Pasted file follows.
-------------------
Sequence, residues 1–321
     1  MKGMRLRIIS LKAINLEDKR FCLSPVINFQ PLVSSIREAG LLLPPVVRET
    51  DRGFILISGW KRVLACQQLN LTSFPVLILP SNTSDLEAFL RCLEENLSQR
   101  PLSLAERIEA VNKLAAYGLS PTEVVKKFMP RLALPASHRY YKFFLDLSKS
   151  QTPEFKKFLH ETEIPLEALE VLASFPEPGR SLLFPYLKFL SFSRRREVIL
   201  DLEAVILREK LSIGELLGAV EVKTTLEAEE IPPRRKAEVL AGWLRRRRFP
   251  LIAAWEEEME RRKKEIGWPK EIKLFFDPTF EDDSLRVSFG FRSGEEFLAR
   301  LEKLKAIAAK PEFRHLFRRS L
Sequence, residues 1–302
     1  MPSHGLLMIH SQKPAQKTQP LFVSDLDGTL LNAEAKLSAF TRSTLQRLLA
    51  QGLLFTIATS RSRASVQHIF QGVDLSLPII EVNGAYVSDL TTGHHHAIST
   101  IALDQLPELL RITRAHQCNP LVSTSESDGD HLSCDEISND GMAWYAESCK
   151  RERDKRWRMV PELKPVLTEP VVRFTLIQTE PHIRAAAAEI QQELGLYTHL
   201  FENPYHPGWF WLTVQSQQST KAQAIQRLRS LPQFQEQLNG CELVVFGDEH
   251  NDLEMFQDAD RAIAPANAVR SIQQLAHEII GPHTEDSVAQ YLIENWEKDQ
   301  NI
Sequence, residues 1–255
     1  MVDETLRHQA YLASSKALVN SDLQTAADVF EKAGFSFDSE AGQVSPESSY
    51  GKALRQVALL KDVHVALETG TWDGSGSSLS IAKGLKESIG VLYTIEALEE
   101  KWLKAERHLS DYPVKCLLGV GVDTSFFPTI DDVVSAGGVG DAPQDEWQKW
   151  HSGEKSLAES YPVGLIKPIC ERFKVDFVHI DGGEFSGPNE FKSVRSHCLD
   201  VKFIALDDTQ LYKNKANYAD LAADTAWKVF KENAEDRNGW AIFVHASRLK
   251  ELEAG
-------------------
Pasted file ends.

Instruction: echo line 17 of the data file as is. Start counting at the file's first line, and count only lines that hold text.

Sequence, residues 1–255